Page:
Whether you are coming to the end of your undergraduate degree or thinking about re-entering the world of university, you may be considering doing a Masters degree. This can be a big decision, so here’s a few things to consider along the way:
Increased Employability – Masters degrees are often highly regarded by employers, meaning that gaining a Masters could potentially make you more employable. For instance, the Government’s Graduate Labour Market statistics 2017 showed that graduates and postgraduates had higher rates of employment than non-graduates. Of course, gaining a Masters degree will not necessarily guarantee you a job on graduation day, but the skills and experience that a Masters degree bring may considerably strengthen your CV.
Developing Professional Skills and Experience – Many Masters degrees enable you to develop the necessary skills to access higher level jobs, or to progress in your current career. In some cases, Masters degrees may allow you to complete a work placement within your course, giving you the opportunity to gain more experience in your chosen field. Other Masters may allow you to gain other professional qualifications, such as chartership. The process of completing a Masters can also give you the chance to gain contacts, which can aid you later in your career.
Changing Career – Many people study Masters degrees in order to aid career changes by gaining knowledge and experience in a new or related field of study.
Opportunities for Further Study – Typically, you are required to have obtained a Masters degree in a relevant subject, to study for a PhD. This is because a Masters degree will prepare you for a PhD by increasing your specialist knowledge and developing your research skills. So, if a PhD is your goal, in most cases, you will need to study for a Masters first.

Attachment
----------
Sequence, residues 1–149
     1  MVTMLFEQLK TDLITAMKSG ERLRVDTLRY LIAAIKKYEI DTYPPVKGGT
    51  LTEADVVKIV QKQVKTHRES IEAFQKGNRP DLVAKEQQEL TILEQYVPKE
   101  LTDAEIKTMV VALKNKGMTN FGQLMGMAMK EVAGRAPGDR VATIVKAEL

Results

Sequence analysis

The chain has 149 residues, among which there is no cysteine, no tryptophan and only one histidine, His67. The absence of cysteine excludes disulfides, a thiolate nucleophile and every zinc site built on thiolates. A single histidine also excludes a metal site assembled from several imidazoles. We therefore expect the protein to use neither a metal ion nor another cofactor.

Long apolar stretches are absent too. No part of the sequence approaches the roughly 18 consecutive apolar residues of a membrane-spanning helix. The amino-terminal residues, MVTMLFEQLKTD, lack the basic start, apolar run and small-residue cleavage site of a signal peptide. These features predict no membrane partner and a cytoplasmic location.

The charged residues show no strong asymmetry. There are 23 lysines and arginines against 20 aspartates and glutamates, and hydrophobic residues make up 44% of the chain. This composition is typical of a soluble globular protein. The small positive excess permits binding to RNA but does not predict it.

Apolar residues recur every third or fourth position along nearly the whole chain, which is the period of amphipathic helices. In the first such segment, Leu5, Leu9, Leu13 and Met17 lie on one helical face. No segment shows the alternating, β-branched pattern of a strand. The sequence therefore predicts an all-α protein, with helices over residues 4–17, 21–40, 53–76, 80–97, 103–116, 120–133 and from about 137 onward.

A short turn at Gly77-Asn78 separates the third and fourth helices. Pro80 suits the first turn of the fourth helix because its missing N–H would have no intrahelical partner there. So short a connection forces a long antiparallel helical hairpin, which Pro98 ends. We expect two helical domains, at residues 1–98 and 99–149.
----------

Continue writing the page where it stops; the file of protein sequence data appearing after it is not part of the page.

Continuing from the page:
Developing Your Research Skills – As mentioned above, Masters study will give you the chance to develop your research skills further, especially if your course requires you to complete a dissertation or research project. While many students complete a dissertation during their undergraduate degree, Masters research is often more in depth and independent. So, even if you don’t wish to go on to do a PhD, a Masters could provide you with excellent research skills – a great way to enhance your CV!
Obtaining a Master degree can be somewhat costly, so it is important to consider if the financial investment is worth it. There are several financial options available to you. Like for undergraduate degrees, Masters loans are also available from Student Finance. There are also a number of scholarships available, like the ones we offer at Hope.
Of course, completing a Masters is also a considerable investment of time, so it’s important to consider how much time you have to study. Some Masters courses offer the chance to study part-time as well as full-time, with full-time courses often lasting one year, and part-time courses usually lasting two years. Part-time study, in particular, can provide opportunities to work whilst studying.
Can I apply for a Masters with a second or third class degree?
Usually, universities require Masters students to have gained at least an upper second class (2:1) undergraduate degree. Of course, there is nothing to stop you from applying for a Masters course if your grades are lower, as universities may consider applications based on relevant experience, not just academic merit.
It is, however, important to note that if you are an international student you may be required to complete an English Language test, such as IELTS.
If you’re interested in postgraduate study, you can find out more information about our postgraduate taught and postgraduate research courses on our website.